Gathering helpful items and creating a backpacking Europe checklist of lightweight items is very important to having a trip of a lifetime. We have learned over the years what works for us, so we will share our thoughts. Check out our shop here.
The miscellaneous items we take are here: (Our clothes list is HERE.)
- First Aid kit
- Insect repellent
- Nail clippers
- Electric converters
- Electrical extension
- Ear buds/air buds
- iPad with plug
- Camera with plug, John carries an iPhone
- Apple Watch and plug
- Laundry detergent strips
- Credit cards
- Eye mask
- Ear plugs
- Copies of passport, saved to our iCloud, too
- Water bottle with high tech filter
- Anti Chafing Stick
- Antibacterial hand gel
- Ziplock bags
- Deck of cards
- Car charger, if driving
What you pack as your miscellaneous items vary so much between personal preferences, but here is an example of what we have in our packs. I have explained a few of the items. Disclaimer: When you purchase through our site, we get a small commission, so thanks for the support.
Truly the best investment we made was to switch backpacks from a top loading one to a true travel pack. The ones we purchased were Osprey Fairview 40 and Osprey Farpoint 40. Both packs open like a clam shell, similar to a carry-on travel suitcase. Everything in your pack is immediately viewable. Take it from us is important for sanity when. You travel.
These packs have the added benefit of including a zip-on-off day pack. We love this feature because we can unzip it on planes and trains, keeping this part with us. Being able to stow our important documents, electronics, and a sweater, is great. The day packs are perfect for taking with us when we tour a city or site.
We love the quality of the packs and they are comfortable. Plus, they fit the TSA size for carry-on luggage. They hold our big water bottle, too. Rather than suffering through a trip with the wrong pack, consider upgrading to these. As I write, they are on sale.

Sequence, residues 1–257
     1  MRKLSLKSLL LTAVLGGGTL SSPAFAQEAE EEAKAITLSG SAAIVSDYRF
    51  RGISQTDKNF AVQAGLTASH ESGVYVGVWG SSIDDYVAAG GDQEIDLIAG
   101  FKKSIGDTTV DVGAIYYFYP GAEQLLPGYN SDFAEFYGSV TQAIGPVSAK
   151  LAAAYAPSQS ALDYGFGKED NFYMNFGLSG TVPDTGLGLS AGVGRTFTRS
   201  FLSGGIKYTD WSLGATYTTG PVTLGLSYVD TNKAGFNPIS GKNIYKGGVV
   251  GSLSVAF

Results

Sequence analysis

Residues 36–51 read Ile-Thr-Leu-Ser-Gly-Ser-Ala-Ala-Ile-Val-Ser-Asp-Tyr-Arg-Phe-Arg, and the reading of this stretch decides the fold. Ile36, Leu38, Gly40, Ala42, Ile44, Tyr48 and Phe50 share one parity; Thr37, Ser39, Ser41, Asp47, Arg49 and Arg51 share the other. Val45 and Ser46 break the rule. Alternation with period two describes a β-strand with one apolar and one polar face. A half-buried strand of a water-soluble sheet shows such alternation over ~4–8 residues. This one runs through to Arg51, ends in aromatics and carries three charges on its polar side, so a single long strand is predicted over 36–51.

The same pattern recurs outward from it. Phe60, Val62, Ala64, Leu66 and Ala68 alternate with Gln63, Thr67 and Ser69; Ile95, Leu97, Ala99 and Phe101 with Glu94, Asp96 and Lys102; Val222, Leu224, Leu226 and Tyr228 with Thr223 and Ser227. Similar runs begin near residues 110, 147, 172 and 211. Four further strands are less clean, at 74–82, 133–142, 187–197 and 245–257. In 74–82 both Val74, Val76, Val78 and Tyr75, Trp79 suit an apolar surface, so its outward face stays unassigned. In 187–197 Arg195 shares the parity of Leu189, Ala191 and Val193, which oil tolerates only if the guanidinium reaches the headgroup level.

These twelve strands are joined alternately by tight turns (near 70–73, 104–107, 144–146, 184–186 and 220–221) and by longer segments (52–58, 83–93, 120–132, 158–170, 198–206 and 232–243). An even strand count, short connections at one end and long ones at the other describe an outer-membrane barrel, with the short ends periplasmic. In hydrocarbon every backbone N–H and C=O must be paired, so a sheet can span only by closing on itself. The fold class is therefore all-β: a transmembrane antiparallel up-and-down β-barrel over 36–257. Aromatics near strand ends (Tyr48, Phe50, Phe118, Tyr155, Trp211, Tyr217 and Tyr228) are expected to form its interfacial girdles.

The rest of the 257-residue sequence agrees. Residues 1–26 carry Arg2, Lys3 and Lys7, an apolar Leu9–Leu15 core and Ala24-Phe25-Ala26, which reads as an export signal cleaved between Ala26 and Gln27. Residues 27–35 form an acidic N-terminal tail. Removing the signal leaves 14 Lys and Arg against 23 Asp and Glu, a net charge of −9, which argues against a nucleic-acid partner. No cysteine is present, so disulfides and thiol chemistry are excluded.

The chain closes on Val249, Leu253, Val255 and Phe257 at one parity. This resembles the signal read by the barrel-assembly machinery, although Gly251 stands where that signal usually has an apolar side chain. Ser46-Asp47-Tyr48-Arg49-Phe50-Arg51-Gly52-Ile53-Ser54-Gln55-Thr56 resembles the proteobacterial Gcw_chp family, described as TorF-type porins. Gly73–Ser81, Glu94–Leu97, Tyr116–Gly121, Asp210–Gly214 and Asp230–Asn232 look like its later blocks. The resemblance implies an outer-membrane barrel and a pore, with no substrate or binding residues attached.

This is something that can be purchased on your trip, if you run out or you just want to buy it there; however, it oftentimes is in a foreign language, and I have a difficult time determining the level of protection and reading the directions. I hate to buy sunscreen on the road because it is hard to find the brand I like and trust. I’ve bought bottles everywhere in the past, but this is such a common frustration that I really plan ahead now. We have a favorite, Sun Bum, that doesn’t use Oxybenzone, thought to contribute to the bleaching of the world’s reefs. We love fish and live on the water, so we try to use a sunscreen that doesn’t damage the oceans. Plus, our fav smells so good!
I use a lotion that I can use on my face or body when I’m living out of a backpack, but you might choose to bring both. For me, sunscreen is vitally important during the day, so I need a lotion that I can use to hydrate my face and body before bed that doesn’t contain sunscreen. My favorite is CeraVe Moisturizing Cream. This brand also has a hydrating facial cleaner that works great.
This is something that you should plan to replace as needed on the road. Everyone uses toothpaste and it’s pretty easy to find good brands. If you carry your pack on the plane, make sure you don’t bring a big tube that has to be thrown away at TSA check in. The limit is 3.4 ounce.
First Aid kit
We don’t carry a store bought kit. Like others, we put a few items into a plastic zip pouch that we think we might need. We put bandages, ibuprofen, itch cream, antihistamine, blister pads, and anything else that looks important. We always end up going to a pharmacy to get something on the road. Finding items we need has never been a problem.
After the Coronavirus of 2020, we have added two cotton masks we can wear if we feel we need them. Hand sanitizer is important to have, and we keep it at the ready so we can apply it often. We have always done this, but now we will be more vigilant.
Once, I fell in Columbia on an uneven sidewalk and scraped up my leg, and we have had other issues from time to time. We have learned not to sweat it if we need something we don’t have. That said, we do like to have a few things, so we don’t waste time tracking it down. We always carry Ciprofloxacin and Imodium for traveler’s diarrhea. Having it ahead of time is important, even if you never need it.
We always check the Center’s for Disease Control & Prevention for health updates before we travel, and we always get the new flu vaccine each year, along with all recommended vaccinations. Our doctor has done research to help us get what we need for our destinations, so ask your doctor to help you.
We like a certain brand, Ben’s, so we make sure we take our favorite, especially if we are going into the jungle. We don’t want to get bit, and since I have a hard time reading labels in another language, I like to take the brand I trust. This one has deet protection and doesn’t smell bad. It also comes in a TSA approved size of 3.4 oz.